Impacts of Ecotourism Activities on Sustainable Livelihood of the Communities Living on Wasini Island, Kwale County, Kenya
Ecotourism is a unique type of tourism that can help local people earn a living while also being environmentally conscious. Although ecotourism has the potential and capacity to improve the local community’s life, this is not always the case. The research was carried out on Wasini Island in Kwale County to analyse the effects of ecotourism on the lives of Wasini Island residents and to create a link between ecotourism initiatives and sustainable livelihood activities carried out by Wasini Island residents. living on Wasini Island, as well as to investigate the relationship between ecotourism initiatives and the rights of the Wasini Island communities. The study used a descriptive research design and a mixed method research technique, with the community on Wasini Island and stakeholders operating on the island as the units of analysis. The study had a sample size of 320 respondents who were interviewed utilising questionnaires, 15 interviews, and an eight-member focus group discussion. Respondents for interviews and focus groups were chosen using a purposeful selection technique, whereas respondents for questionnaire surveys were chosen using a systematic random sample technique. During data analysis, descriptive statistics were used to establish the link between variables, and multiple regression was utilised to establish the relationship between variables. The goodness of fit of the variables was measured using the Chi square. Ecotourism initiatives were used as the dependent variable, with financial, physical, natural, human, and social assets as the independent factors, and the results revealed a significant difference (F = 1.303, p = 0.262). The primary problems for ecotourism activities on Wasini Island are a lack of funds (23.8 percent) and cultural exploitation (23.1 percent). Training (53.1 percent) was viewed as the best option to tackle the problems of ecotourism projects, according to the findings. Finally, ecotourism has aided the building of a sustainable livelihood for the Wasini Island residents. According to the conclusions of the study, increased community participation in ecotourism, community training, and government support should be encouraged. EI contributed to knowledge (SA – 61.3 percent ), skill upgrading (A – 61.3 percent ), human resource (A – 40.3 percent ), creativity (A – 40.9 percent ), adaptive methods (A – 35.3 percent ), and health aspects (N – 29.1 percent ) according to the findings on human assets. Aside from physical assets, respondents indicated EI helped with building construction (SA – 48.4 percent), roads (A – 40 percent), machinery improvements (SD – 28.4 percent), agriculture and livestock enhancement (SD – 30.9 percent), and schools (A – 34.7 percent). In terms of natural assets, respondents stated that EI contributed to soil protection (SA – 45%), natural environment protection (A – 49.4%), water protection (A – 34.4%), air protection (A – 33.1%), and forest/vegetation protection (N – 29.4%). EI also contributed to good governance structure (SA – 37.2 percent), decision-making power (A – 48.4 percent), stronger community groups (N – 36.9%), societal structure (N – 34.1 percent), cultural preservation (A – 31.3 percent), and a robust society (N – 40 percent) when it came to social assets. Finally, in terms of financial assets, respondents noted that EI led to higher salaries and wages (SA – 45.9%), local living conditions (A – 56.6%), the economy (A – 36.3 percent, N – 36.3 percent), income (A – 39.7%), savings (N – 36.9%), and economic empowerment (N – 38.1%).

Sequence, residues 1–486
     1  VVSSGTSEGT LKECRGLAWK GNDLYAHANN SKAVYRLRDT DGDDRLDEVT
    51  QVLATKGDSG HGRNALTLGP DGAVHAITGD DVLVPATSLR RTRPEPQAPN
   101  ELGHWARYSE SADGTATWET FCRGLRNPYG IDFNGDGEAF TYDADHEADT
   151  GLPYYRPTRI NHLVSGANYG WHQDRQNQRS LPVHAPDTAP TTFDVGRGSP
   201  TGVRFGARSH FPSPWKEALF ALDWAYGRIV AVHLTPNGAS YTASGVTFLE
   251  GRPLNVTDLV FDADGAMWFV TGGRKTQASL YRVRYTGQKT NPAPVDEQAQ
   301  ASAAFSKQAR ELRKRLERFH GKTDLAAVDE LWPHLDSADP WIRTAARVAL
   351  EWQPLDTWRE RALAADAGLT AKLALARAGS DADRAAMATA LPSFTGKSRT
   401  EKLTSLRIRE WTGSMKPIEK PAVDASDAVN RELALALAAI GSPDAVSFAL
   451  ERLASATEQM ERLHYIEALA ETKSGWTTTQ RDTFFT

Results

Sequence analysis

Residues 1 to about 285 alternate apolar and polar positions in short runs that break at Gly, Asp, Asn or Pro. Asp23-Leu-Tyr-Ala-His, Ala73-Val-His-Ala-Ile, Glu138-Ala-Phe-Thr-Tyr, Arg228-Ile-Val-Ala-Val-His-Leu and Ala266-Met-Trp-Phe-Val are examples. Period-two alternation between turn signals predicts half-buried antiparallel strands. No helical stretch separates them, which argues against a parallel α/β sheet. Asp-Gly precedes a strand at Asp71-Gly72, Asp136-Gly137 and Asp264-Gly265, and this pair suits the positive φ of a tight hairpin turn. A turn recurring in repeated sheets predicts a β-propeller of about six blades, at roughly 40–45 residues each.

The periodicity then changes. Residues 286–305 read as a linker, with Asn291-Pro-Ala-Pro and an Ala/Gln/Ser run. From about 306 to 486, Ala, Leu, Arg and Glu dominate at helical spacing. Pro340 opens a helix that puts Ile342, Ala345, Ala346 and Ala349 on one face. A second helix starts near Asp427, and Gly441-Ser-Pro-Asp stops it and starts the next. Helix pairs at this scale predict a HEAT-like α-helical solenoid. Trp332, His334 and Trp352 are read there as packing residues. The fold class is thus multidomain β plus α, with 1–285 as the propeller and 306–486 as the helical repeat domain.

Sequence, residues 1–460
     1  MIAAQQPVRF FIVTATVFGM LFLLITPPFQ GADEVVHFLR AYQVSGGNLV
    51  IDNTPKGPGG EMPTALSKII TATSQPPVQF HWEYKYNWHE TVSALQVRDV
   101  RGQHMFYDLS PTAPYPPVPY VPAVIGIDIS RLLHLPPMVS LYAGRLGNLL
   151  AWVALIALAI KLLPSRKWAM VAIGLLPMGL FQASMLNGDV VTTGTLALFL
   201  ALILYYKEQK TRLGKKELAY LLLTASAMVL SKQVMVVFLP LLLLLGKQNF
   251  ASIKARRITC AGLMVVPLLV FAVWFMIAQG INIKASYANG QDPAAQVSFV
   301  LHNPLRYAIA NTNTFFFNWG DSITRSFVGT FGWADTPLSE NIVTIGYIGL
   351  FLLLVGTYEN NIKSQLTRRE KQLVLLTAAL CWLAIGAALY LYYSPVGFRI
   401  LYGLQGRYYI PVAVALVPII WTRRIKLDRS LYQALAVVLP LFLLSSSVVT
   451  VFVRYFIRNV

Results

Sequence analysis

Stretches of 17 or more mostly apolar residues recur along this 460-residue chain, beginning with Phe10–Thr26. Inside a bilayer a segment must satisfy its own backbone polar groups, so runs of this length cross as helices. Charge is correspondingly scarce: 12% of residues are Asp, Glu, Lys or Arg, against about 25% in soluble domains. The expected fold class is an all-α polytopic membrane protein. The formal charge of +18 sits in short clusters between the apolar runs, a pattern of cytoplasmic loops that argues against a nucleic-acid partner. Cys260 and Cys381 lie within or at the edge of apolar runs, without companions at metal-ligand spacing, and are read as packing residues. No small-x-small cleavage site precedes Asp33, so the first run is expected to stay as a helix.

Jairus Nyongesa Koki
Tourism and Hospitality Department, School of Business and Economics, Jaramogi Oginga Odinga University of Science and Technology, P.O.Box 210-60401, Bondo, Kenya.
Wildlife Species Expert, WWF, Tanzania.
Senior Lecturer, Tourism Management Department, Moi University, Kenya.